When Doiron House in Dieppe opens its doors to the public on Oct 3, people will find themselves transported back to 1841.
That's the year the home was built by Joseph Doiron, a writer, justice of the peace and prosperous Acadian farmer. The house also served as one of the area's first Acadian schools and a place for community meetings.
Pauline Cormier, manager of leisure services for Dieppe, said the city bought the large wooden home in 2015 after talking to one of the descendants of Doiron.
The home had remained in the family through the centuries, but there was interest from a developer who wanted to tear it down to make room for an apartment building.
The City completed a feasibility study and the decision was made to restore the house.
'It's like a piece of gold that we found'
Cormier said painstaking steps were taken to remove the modern amenities and preserve as much of the history of the house as possible.
"We kept everything that we could keep. The walls are all original, the flooring, the architecture, the woodwork around the doors and everything," she said.
"So everything is really up to what it was before back in the 1800's, that's what we wanted."
Along the way came a few surprises, including the discovery of the original masonry hearth. It's the only known Acadian house that still has one.
WATCH | Dieppe house brought back to the way it was in the 1840s
"It's like a piece of gold that we found," said Cormier.
It then took months of research, interviews and preparation to determine what kind of experience they would offer to visitors.
Artistic director André Roy says he wanted to steer clear of a traditional museum with ropes around old furniture, and instead come up with an interactive experience.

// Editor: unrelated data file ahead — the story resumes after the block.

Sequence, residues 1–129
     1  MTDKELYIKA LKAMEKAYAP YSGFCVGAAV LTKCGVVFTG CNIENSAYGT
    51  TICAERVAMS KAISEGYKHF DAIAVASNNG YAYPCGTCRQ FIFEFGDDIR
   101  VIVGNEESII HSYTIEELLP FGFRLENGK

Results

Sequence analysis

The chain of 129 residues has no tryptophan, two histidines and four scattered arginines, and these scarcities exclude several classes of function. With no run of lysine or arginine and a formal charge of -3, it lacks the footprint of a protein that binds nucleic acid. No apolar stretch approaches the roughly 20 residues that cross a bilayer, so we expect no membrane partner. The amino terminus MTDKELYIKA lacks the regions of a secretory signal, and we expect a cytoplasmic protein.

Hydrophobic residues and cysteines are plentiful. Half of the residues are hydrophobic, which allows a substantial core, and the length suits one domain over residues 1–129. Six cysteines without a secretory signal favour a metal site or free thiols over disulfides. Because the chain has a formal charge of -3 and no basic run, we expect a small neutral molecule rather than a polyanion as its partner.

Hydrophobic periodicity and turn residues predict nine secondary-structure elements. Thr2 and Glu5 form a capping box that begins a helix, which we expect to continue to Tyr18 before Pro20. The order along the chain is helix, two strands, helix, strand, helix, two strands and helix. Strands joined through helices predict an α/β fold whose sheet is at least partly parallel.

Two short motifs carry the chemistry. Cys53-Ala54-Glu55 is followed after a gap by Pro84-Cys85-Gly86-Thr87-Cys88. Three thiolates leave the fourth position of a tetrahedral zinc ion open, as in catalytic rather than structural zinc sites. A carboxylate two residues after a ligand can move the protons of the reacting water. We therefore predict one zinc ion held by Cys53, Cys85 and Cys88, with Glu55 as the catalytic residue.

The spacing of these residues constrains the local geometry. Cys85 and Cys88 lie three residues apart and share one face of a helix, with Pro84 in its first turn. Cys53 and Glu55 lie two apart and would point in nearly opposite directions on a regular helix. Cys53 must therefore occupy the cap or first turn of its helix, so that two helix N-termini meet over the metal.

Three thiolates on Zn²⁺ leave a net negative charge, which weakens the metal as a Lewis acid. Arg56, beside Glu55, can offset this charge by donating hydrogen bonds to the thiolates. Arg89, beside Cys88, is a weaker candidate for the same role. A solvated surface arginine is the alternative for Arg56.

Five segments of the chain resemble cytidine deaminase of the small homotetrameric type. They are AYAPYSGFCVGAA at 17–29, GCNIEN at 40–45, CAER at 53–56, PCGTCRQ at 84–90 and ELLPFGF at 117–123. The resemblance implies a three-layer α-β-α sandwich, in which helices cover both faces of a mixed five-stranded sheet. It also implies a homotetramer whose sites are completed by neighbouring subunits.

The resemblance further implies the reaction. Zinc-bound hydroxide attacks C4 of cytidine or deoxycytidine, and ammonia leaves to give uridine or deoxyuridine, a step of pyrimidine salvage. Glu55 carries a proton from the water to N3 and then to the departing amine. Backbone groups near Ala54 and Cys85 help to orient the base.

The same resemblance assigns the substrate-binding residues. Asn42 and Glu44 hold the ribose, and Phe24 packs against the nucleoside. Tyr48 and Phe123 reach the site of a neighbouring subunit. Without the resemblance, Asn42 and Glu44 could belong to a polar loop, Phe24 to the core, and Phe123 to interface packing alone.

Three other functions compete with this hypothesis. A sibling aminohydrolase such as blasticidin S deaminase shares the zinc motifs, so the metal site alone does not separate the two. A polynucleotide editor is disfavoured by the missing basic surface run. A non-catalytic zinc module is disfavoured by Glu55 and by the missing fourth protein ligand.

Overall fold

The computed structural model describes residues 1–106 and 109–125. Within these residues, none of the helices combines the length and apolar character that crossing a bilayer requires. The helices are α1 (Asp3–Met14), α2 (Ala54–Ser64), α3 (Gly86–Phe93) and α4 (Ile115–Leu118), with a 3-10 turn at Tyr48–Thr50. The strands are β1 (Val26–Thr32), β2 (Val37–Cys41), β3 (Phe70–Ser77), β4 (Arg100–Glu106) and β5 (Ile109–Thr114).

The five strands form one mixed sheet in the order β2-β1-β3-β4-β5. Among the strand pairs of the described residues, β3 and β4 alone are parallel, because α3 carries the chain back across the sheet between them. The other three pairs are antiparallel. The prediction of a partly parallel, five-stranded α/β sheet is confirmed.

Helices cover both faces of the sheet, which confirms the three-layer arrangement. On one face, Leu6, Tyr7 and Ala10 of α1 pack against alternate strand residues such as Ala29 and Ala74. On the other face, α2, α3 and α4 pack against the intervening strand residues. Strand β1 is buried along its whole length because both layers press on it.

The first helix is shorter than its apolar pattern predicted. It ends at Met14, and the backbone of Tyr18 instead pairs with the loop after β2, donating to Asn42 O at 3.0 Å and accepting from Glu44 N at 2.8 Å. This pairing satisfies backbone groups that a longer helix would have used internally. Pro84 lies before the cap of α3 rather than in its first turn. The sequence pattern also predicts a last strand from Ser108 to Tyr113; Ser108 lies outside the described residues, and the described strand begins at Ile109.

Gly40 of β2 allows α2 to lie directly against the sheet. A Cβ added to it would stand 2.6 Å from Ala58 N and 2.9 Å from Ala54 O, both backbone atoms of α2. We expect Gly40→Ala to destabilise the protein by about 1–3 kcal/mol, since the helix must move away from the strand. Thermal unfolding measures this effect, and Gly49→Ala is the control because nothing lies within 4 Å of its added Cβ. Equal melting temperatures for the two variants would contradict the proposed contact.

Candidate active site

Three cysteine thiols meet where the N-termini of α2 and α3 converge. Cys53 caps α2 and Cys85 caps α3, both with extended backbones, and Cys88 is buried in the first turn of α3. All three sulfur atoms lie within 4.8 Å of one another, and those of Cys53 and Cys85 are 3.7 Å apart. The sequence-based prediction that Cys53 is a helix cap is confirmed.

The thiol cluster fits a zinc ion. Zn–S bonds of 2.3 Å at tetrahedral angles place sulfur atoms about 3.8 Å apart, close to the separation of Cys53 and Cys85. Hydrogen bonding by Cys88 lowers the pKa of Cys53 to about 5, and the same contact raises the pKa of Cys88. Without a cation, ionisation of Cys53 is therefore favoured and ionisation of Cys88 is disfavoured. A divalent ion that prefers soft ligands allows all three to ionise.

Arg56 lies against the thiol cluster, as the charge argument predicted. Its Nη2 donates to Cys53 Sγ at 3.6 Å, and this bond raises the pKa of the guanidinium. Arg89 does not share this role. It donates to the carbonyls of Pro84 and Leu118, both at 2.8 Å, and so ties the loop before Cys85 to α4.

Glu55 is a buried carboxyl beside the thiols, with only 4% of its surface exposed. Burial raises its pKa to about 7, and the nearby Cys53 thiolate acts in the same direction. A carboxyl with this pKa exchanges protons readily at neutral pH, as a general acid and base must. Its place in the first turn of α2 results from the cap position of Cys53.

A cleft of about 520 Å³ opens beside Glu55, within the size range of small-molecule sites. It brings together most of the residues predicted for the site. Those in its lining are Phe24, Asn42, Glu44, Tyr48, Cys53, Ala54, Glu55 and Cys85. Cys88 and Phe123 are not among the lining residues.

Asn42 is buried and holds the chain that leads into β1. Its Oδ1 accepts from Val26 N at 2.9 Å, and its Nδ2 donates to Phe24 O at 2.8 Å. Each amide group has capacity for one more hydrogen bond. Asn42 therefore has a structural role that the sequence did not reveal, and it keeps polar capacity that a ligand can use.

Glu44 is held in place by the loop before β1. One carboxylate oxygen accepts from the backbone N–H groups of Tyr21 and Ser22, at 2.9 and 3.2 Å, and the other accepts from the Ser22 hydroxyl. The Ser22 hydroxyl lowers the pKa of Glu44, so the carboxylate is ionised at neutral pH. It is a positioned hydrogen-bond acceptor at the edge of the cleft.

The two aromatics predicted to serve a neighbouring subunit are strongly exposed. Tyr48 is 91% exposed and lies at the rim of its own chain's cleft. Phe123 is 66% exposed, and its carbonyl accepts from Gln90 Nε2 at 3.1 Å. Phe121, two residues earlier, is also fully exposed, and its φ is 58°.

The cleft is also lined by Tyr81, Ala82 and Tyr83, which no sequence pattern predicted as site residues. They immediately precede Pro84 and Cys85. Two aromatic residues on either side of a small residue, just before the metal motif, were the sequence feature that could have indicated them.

Visitors to Doiron House will have tablets, and a young Acadian girl named Marie will be their guide.
Marie is preparing for a big test and Roy explained she will guide visitors through the ten rooms of the home.
"She's looking for her rosary so we're asking the public here with the tablet to find the rosary and it's actually somewhere in the house," he said.
"We have hidden it somewhere and the people, after their tour, we'll ask them, 'Did you find the rosary?'"
Roy says a lot of technology has been used, including a map that overlays Dieppe in 1841 and Dieppe in 2020.
Roy thinks the mix of old and new will help visitors appreciate what Doiron's life was like.
"People, when they step in, will see how he lived back then so it's a nice touch."
First event a Doiron family wedding
Pauline Cormier says the city has also purchased a piece of land next to the house, which will connect it to a nearby trail. There are plans to rent out the meeting room, and to open a cafe in the basement, which was home to the one room schoolhouse.
The barn, which is attached to the house, will be available for events such as dinner theatre performances or weddings.
Cormier says the barn will be used for the wedding of the last owner of the house, Jean-Guy Léger, who is a descendent of Joseph Doiron. Léger and his girlfriend of 30 years are getting married in October.
"They just realized they're getting married the same day as their parents 75 years after," Cormier said.
"He's even getting married with his father's ring so I find that very unique and very cute of them," she said.
Heritage Canada and the Province of New Brunswick helped to finance the $2 million project.
The facility will be open year round. Visits will take place on Saturdays and Sundays between noon and 5 p.m. with a maximum of six people per one hour tour. Reservations must be made in advance.
Cormier says after putting her heart and soul into the project, she can't wait until it's unveiled to the public.
"We can't believe that we're here and five years after they're going to be reopening the house." she said.